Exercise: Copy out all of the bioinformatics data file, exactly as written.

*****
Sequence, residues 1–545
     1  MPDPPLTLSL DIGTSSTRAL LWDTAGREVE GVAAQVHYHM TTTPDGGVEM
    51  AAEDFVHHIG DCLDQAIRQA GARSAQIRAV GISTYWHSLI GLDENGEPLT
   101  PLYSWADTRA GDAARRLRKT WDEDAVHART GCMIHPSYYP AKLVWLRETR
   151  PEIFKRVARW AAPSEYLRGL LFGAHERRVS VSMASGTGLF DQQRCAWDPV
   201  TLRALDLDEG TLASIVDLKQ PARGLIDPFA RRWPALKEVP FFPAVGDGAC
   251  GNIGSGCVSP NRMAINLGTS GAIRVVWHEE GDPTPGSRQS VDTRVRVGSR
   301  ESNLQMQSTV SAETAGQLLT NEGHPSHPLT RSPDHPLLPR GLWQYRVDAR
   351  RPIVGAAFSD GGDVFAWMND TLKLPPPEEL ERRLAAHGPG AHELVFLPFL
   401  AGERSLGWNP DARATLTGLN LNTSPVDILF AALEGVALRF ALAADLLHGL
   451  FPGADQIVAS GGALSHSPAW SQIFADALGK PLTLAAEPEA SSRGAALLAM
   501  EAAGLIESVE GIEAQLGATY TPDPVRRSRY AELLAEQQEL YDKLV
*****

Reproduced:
Sequence, residues 1–545
     1  MPDPPLTLSL DIGTSSTRAL LWDTAGREVE GVAAQVHYHM TTTPDGGVEM
    51  AAEDFVHHIG DCLDQAIRQA GARSAQIRAV GISTYWHSLI GLDENGEPLT
   101  PLYSWADTRA GDAARRLRKT WDEDAVHART GCMIHPSYYP AKLVWLRETR
   151  PEIFKRVARW AAPSEYLRGL LFGAHERRVS VSMASGTGLF DQQRCAWDPV
   201  TLRALDLDEG TLASIVDLKQ PARGLIDPFA RRWPALKEVP FFPAVGDGAC
   251  GNIGSGCVSP NRMAINLGTS GAIRVVWHEE GDPTPGSRQS VDTRVRVGSR
   301  ESNLQMQSTV SAETAGQLLT NEGHPSHPLT RSPDHPLLPR GLWQYRVDAR
   351  RPIVGAAFSD GGDVFAWMND TLKLPPPEEL ERRLAAHGPG AHELVFLPFL
   401  AGERSLGWNP DARATLTGLN LNTSPVDILF AALEGVALRF ALAADLLHGL
   451  FPGADQIVAS GGALSHSPAW SQIFADALGK PLTLAAEPEA SSRGAALLAM
   501  EAAGLIESVE GIEAQLGATY TPDPVRRSRY AELLAEQQEL YDKLV